Texting Arrives in the Cockpit

This article appeared today on avweb.com

“An accident synopsis from the NTSB identifies the pilot’s personal texting as a contributing factor in the Aug. 26, 2011, crash of a Eurocopter AS350 B2 helicopter near Mosby, Mo., that killed all aboard. The flight was operated as a medical services mission flown in VFR conditions, carrying three crew and one patient. It crashed due to fuel starvation “about 1 nm short” of its planned refueling stop, according to the NTSB. The NTSB says that “the pilot missed three opportunities to detect” the aircraft’s low fuel state and was engaged in texting before and during the flight portion of the mission.

“According to the NTSB, the pilot failed to recognize the low fuel condition during a preflight check and the before-takeoff checklist, and then reported the wrong fuel level after takeoff. The accident took place on the second leg of the flight, which the pilot undertook “despite knowing the helicopter had insufficient fuel reserves.” When the helicopter’s turbine flamed out, the pilot then failed to maintain the rotor energy necessary for autorotation and the aircraft impacted the ground in a 40-degree nose-down attitude “at a high rate of descent with a low rotor rpm.” Aside from texting, the NTSB also cited “degraded performance due to fatigue,” the operator’s fuel policies, and lack of practice regarding engine failure at cruise speed.”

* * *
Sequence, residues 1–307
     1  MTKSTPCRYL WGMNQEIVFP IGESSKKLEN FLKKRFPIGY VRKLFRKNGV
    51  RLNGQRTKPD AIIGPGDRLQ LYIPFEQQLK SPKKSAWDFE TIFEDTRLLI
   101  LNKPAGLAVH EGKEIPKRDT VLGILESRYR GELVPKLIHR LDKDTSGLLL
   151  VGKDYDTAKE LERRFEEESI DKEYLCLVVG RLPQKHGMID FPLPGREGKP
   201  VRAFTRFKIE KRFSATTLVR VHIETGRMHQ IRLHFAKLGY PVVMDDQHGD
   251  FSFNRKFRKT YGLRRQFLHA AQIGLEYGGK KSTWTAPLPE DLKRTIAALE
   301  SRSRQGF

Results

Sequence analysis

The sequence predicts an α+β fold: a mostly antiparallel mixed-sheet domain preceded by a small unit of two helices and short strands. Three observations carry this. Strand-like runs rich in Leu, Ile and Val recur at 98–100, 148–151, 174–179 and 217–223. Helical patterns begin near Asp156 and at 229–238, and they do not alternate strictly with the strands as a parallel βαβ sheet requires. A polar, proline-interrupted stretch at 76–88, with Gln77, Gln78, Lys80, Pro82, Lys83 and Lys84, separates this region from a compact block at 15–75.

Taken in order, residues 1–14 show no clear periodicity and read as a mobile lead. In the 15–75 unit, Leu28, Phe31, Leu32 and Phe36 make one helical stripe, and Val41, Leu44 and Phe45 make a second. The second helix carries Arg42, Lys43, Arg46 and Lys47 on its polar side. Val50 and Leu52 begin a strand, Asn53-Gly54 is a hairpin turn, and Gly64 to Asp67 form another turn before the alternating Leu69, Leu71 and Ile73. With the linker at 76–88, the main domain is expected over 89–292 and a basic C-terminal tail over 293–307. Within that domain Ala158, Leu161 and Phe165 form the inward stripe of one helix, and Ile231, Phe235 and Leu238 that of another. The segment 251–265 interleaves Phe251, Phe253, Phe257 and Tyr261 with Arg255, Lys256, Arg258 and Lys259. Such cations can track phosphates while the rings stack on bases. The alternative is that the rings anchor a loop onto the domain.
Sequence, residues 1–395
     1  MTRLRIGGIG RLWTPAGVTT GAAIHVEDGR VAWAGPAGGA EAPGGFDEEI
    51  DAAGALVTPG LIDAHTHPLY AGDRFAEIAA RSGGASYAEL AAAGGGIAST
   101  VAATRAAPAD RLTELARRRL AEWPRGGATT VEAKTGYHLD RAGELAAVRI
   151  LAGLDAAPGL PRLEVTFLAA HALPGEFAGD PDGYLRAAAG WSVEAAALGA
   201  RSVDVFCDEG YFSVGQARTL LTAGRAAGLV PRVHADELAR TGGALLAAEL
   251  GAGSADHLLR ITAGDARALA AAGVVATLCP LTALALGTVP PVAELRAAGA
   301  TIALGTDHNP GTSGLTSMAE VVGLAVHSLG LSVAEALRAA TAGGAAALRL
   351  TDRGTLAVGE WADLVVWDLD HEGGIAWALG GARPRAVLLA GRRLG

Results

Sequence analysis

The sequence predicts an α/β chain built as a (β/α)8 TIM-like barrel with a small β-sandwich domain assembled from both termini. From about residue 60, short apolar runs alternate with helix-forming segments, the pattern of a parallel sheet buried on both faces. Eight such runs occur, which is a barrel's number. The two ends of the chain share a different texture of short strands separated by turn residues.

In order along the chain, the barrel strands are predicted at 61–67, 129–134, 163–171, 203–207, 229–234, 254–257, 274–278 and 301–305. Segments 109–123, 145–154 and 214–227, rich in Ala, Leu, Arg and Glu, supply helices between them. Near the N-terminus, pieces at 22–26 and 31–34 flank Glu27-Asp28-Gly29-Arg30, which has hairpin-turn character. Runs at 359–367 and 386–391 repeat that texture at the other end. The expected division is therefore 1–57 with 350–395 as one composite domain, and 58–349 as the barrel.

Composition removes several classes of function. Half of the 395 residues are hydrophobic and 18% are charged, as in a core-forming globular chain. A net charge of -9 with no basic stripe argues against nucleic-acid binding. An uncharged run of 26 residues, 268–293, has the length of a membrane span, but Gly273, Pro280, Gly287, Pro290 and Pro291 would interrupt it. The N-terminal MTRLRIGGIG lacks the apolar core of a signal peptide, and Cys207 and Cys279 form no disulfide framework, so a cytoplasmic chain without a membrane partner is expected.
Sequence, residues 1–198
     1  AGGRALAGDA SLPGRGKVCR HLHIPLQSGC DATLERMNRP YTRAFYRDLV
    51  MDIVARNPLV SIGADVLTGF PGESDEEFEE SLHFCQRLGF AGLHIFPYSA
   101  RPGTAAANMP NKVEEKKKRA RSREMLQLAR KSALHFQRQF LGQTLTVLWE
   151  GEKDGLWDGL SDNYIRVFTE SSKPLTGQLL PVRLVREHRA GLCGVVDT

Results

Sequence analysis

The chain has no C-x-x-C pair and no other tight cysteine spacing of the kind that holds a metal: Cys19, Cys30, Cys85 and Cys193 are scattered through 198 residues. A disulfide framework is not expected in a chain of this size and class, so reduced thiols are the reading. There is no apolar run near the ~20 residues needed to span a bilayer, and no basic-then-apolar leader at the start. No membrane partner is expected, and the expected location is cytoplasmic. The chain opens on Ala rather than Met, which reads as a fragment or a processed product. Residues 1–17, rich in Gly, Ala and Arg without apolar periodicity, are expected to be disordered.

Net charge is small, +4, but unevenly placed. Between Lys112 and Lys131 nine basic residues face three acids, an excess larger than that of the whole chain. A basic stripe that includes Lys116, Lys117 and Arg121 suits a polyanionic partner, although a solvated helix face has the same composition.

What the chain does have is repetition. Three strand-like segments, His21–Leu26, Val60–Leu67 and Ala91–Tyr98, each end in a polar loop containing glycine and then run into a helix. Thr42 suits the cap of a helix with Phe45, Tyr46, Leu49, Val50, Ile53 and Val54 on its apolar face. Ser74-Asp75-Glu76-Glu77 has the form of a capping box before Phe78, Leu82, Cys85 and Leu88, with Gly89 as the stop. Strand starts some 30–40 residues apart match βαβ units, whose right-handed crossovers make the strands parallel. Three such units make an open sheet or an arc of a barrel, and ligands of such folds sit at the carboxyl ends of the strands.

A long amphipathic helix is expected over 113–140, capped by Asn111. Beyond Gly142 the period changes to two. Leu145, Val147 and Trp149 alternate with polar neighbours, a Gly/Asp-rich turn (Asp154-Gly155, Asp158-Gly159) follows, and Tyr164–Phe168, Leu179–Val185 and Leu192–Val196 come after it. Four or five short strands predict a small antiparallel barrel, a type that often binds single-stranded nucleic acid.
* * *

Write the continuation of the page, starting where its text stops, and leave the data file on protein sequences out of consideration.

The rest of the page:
Accident investigations always contain an examination of the event sequence leading up to the crash. In this case, the potential for fuel starvation existed before the pilot took off for the first leg of the mission, but his preoccupation with a device that has no business being in the cockpit helped kill four people.

Stupidity abounds in our addiction to handheld devices that transport us from where we are to where we might rather be. Why doesn’t someone develop an anti-idiot app?

Now that would be useful for a change.

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One Response to Texting Arrives in the Cockpit

  1. Bradford says:

    “Programming today is a race between software engineers striving to build bigger and better idiot-proof programs, and the universe trying to produce bigger and better idiots. So far, the universe is winning.”

    – Rich Cook, author

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